Howto ban IP with Fail2Ban manually by command line?


Solution 1

You ban him manually by adding his IP to the firewall. If you are using UFW, then you write something like this in your command line:

ufw insert 1 deny from <ip> to any

But you do not want to do that manually - the purpose of Fail2Ban is to ban someone automatically. Use this tutorial to configure Fail2Ban to automatically update your UFW rules. The importan part is to add banaction = ufw-SOMETHING to your jail.conf, and then create ufw-SOMETHING.conf in the /etc/fail2ban/action.d/ folder with the following content:

actionstart =
actionstop =
actioncheck =
actionban = ufw insert 1 deny from <ip> to any
actionunban = ufw delete deny from <ip> to any

This will ban the IP completely for a predefined amount of time. If you want to ban him until next reboot, omit the actionunban command.

Solution 2

fail2ban-client -vvv set JAIL banip WW.XX.YY.ZZ

Check the jail where to add the IP using fail2ban-client status

Both commands may require to be executed as sudoer. In this case add a sudo before them.

Solution 3

Ban IP manually

fail2ban-client set jail_name banip xx.xx.xx.xx

Author by


Updated on July 09, 2022


  • udgru
    udgru over 1 year

    How do I ban an attacker IP with Fail2Ban manually by command line?

  • udgru
    udgru over 8 years
    I asked for Fail2Ban, sorry ;-) What are the differences between UFW and IPTables? Which one is better?
  • alesc
    alesc over 8 years
    This is for Fail2Ban - at least the second half of the post. Fail2Ban cannot ban the attacker on its own. It has to trigger a firewall rule in order to successfully ban an IP. Did you check the tutorial on the link that I have provided? And regarding iptables vs. ufw: UFW runs on top of iptables. So in both cases you are using iptables, UFW just simplifies your firewall setup (rules).
  • B. Shea
    B. Shea over 7 years
    Says: "with Fail2Ban .. by command line' not: 'with ufw firewall' via filter file. The fail2ban-client can add to your jails by IP as per other answers. Your answer just adds more confusion IMO for end-user. No reason to enter ufw commands into this. The default iptables action of 'reject-with icmp-port-unreachable' is just fine as well. You do highlight (some of) the versatility of fail2ban.. but that's about it.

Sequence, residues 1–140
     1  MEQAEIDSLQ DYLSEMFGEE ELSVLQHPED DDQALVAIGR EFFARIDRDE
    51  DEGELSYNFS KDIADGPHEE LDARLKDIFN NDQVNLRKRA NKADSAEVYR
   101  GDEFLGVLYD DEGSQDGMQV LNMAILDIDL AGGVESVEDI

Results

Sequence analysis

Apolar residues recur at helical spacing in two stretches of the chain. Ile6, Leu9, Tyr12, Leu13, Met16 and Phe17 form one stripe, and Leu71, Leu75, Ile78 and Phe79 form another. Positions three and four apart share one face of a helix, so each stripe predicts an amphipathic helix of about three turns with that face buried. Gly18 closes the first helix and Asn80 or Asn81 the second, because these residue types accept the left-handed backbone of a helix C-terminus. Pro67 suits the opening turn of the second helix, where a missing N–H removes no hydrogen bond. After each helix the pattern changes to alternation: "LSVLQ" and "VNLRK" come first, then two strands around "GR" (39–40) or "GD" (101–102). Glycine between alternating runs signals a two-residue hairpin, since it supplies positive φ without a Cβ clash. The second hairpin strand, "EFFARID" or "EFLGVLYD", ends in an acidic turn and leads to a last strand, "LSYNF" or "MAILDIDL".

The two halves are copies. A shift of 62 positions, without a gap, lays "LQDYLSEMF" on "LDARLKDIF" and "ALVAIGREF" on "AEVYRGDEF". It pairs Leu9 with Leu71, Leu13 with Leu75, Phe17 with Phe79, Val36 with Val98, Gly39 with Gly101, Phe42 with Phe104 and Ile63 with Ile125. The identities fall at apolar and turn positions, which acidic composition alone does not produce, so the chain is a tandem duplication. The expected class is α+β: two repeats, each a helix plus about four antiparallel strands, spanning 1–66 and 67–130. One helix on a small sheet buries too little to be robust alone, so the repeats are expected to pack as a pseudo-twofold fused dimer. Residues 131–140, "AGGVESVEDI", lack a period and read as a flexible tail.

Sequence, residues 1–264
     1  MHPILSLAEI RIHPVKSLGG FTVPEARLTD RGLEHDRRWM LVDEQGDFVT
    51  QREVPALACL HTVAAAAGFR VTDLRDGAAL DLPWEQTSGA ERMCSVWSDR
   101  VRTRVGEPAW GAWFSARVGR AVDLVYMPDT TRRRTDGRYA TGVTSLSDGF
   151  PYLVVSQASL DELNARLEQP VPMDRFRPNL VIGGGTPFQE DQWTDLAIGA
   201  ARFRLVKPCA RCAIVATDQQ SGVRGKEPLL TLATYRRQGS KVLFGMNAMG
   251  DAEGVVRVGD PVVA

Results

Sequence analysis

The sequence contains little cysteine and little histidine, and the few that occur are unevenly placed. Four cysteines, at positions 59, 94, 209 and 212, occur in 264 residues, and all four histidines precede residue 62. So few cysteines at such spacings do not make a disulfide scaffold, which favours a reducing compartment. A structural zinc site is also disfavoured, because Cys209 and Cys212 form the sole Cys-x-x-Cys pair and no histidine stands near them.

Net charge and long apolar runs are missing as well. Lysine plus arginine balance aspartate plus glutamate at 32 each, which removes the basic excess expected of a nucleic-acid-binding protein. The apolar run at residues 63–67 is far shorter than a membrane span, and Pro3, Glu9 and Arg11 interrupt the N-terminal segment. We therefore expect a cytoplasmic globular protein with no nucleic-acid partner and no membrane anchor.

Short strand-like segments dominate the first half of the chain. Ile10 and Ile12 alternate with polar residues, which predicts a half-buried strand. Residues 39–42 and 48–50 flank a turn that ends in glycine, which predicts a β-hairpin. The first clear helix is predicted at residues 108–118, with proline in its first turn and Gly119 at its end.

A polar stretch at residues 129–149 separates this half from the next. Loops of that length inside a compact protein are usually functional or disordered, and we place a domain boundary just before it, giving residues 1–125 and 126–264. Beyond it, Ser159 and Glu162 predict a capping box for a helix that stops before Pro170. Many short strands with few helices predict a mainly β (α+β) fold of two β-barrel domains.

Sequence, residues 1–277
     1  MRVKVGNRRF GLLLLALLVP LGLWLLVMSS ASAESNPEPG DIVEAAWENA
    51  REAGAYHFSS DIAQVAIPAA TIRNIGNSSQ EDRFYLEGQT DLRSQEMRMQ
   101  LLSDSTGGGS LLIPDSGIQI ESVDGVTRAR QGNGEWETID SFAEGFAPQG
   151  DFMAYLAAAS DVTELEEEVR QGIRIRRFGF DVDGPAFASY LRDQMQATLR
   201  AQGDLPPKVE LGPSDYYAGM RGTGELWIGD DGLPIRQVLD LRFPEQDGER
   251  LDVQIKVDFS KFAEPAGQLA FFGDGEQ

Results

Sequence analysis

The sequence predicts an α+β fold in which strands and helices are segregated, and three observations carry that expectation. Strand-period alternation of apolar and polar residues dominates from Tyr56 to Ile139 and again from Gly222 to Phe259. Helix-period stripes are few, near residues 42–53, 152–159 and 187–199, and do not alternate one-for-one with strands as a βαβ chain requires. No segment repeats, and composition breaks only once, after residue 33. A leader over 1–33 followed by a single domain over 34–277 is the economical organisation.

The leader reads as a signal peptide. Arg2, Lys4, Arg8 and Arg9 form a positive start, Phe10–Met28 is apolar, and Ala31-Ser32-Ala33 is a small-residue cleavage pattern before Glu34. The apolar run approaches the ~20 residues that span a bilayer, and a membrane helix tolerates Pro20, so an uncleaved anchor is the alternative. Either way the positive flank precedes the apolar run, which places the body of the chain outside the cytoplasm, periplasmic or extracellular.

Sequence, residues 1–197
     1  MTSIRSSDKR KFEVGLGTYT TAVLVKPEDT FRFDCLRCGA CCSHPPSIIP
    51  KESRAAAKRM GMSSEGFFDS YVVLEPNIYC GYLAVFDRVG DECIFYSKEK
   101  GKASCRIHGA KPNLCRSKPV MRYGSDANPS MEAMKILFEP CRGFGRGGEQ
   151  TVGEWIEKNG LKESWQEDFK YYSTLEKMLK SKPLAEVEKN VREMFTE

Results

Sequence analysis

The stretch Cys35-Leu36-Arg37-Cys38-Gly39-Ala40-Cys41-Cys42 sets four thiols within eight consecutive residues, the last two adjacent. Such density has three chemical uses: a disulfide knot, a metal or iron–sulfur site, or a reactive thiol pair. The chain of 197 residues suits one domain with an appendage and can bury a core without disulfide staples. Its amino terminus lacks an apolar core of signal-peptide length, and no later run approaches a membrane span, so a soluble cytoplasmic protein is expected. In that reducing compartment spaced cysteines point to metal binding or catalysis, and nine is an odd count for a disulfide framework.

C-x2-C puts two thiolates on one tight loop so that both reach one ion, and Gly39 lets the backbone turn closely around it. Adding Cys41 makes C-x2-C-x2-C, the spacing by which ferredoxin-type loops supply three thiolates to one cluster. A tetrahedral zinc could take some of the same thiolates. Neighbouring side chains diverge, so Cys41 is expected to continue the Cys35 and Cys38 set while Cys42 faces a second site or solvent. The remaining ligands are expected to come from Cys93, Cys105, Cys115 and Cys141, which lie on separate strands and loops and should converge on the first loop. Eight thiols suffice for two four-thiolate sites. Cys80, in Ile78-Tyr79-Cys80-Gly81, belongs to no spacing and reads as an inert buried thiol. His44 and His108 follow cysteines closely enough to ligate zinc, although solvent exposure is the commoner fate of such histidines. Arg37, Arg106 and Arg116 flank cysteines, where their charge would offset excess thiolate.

• B. Shea
    B. Shea over 7 years
    sudo iptables -nL - May help, too. Will give you a quick IP ban list (if using iptables) and show who is in each iptables jail.
  • Geoffrey
    Geoffrey over 4 years
    Works great but please stop telling people to use sudo everywhere, to anyone running a server where fail2ban is required it's blatantly obvious that root access is required to alter the firewall, and in some cases sudo isn't even available in some high security or embedded configurations.
  • symcbean
    symcbean almost 4 years
    "in some cases sudo isn't even available in some high security or embedded configurations" - I've worked with highly secure systems where sudo is the only way to get root - and the question was tagged as Ubuntu which does not allow direct access to the root account by default.
  • Sam Sirry
    Sam Sirry over 3 years
    Tip: To unban an address, use the same command with "unbanip" instead of "banip"
  • Altimus Prime
    Altimus Prime over 3 years
    What is -vvv for?
  • localsixosix
    localsixosix over 3 years
    @AltimusPrime increases verbosity of the output. It's much more verbose than -v
  • Gwyneth Llewelyn
    Gwyneth Llewelyn about 3 years
    Tip #2: You can now ban/unban multiple IPs, using fail2ban-client -vvv set JAIL banip A.B.C.D E.F.G.H.I J.K.L.M .... W.X.Y.Z
  • Alan Porter
    Alan Porter almost 3 years
    An aside for those arguing about the merits of specifying "sudo" before admin commands: if you're tired of prefixing every command with "sudo", and you'd like to just get a root shell like in the good old days, you can use "sudo -s" to get a local root shell or "sudo -i" to get a LOGIN root shell. Thanks for the fail2ban help.
  • fcm
    fcm almost 3 years
    fail2ban-client set sshd banip fail2ban-client set sshd unbanip
  • Jared Still
    Jared Still over 2 years
    While this works, it is only temporary. I have used it to ban an IP, and fail2ban then unbanned it later. How can an ip be permanently banned? By creating a new jail?
  • Jared Still
    Jared Still over 2 years
    Replying to my own earlier comment. The answer seems to be upgrading to fail2ban 11, as it deals with repeat offenders by incrementing the ban time.
  • Ahmed Shehab
    Ahmed Shehab over 2 years
    @JaredStill as far as I remember fail2ban by default uses sqilte database to keep track of these IPs and you need to configure the parameter actionstart to reapply the ip record from the db. check configuration documentation .
  • Waqas Khan
    Waqas Khan about 2 years
    also be careful with the above command, it reset my fail2ban and all trusted IPs were lost.